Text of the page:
But that was something that a serviceman, like you, would probably offer to keep the machine looking spiffy new, right?


Post# 750925 , Reply# 12   4/18/2014 at 11:23 (2,136 days old) by Kenmoreguy64 (Charlotte, NC)        
Hoarding panel appliques...

kenmoreguy64's profile picture
Oh wow, that's much too funny, perhaps because I have some of these and was just about to share my pics when I read this.

The company that made this was called A-Line. Somehow they managed to make an overlay for every black panel model there was, which is about 70-some different models. I bought a few of these for my rebuilds back in the day, and Andy is right, you stuck it on once, and once only. I would always remove the end caps, thoroughly wash the facia, then cut only tiny amounts of the waxy backing out around the center knob area, lay that down, get it positioned, then pull off the rest of the backing.

I found these from an eBay seller whom I've gotten to know. When I last checked he had a couple more, but they were for uncommon models. These retailed for about $15 each I think? I thought I had a few more, but five isn't bad!

In the pics you can see what I meant earlier about relocating the knobs - not the center timer but the pheripherals --- in the later models the level and temp are further toward the end caps. Also, the later graphics style is basically a reversal of the first. From 1976-1980 the live cycles had gold bands in the timer sweep area. From 1981-1986 the gold bands highlighted the OFF areas and the timer sweep area was black. Font style on the lettering was different as well.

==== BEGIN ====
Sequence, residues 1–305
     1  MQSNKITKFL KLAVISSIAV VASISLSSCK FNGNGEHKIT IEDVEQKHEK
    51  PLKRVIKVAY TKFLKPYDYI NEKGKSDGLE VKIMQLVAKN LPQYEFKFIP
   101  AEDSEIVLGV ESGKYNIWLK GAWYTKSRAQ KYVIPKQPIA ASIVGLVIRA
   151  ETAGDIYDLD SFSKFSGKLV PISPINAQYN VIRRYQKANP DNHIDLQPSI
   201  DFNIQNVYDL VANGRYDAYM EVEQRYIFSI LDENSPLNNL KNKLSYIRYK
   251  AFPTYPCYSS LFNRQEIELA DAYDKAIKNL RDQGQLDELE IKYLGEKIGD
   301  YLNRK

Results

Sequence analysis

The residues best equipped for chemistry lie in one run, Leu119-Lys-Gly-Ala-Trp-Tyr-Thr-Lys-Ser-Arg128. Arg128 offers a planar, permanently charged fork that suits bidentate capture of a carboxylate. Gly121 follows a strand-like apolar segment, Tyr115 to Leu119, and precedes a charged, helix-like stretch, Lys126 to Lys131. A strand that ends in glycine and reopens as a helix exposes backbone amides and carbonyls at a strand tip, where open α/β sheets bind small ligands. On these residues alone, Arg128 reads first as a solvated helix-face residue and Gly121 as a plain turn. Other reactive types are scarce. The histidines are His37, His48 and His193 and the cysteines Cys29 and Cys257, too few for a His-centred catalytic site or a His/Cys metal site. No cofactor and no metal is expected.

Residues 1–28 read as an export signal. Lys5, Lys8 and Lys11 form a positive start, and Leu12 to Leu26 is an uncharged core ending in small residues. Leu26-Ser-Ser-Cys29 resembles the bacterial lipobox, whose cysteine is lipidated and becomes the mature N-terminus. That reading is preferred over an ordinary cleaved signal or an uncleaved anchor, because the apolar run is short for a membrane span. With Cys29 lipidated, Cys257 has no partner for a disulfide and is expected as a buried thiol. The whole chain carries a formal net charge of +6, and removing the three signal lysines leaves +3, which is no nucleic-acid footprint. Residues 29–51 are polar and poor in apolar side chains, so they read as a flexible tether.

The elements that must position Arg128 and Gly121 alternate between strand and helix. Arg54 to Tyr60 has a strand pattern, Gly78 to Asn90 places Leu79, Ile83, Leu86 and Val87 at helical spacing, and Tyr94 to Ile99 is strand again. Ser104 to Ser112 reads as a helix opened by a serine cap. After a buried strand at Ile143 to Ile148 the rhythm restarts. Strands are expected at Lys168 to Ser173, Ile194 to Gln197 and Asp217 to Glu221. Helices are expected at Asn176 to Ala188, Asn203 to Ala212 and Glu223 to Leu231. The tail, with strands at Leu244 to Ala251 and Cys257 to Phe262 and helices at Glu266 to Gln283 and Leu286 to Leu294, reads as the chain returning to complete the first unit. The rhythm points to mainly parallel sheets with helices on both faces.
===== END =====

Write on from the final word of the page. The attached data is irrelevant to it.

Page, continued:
Gordon


Post# 750926 , Reply# 13   4/18/2014 at 11:25 (2,136 days old) by Kenmoreguy64 (Charlotte, NC)        

kenmoreguy64's profile picture
I have one black panel machine that is completely illegible on the front, naturally I don't have the proper applique for that model.

Sorry for the rushed pics, I am running off the gym before they close at 2pm today.



Post# 750948 , Reply# 14   4/18/2014 at 13:04 (2,136 days old) by ovrphil (N.Atlanta / Georgia )        

ovrphil's profile picture
That's too funny....and a kick to see. Thanks.

Post# 750971 , Reply# 15   4/18/2014 at 15:46 (2,136 days old) by redcarpetdrew (Fairfield, CA)        
A-Line!

redcarpetdrew's profile picture
That's awesome! There they are. I should have figured that the G Man would not only know what I was trying to remember but actually HAVE some. Aren't they great? A relatively inexpensive way to save a black face Kenmore and actually a bit more durable by nature than the original paint.

Thanks for helping me remember, Brother!

RCD


Post# 751024 , Reply# 16   4/18/2014 at 18:33 (2,135 days old) by mrb627 (Buford, GA)        
Maybe someday...

mrb627's profile picture
We'll be able to 3D print an entire replacement console...

Malcolm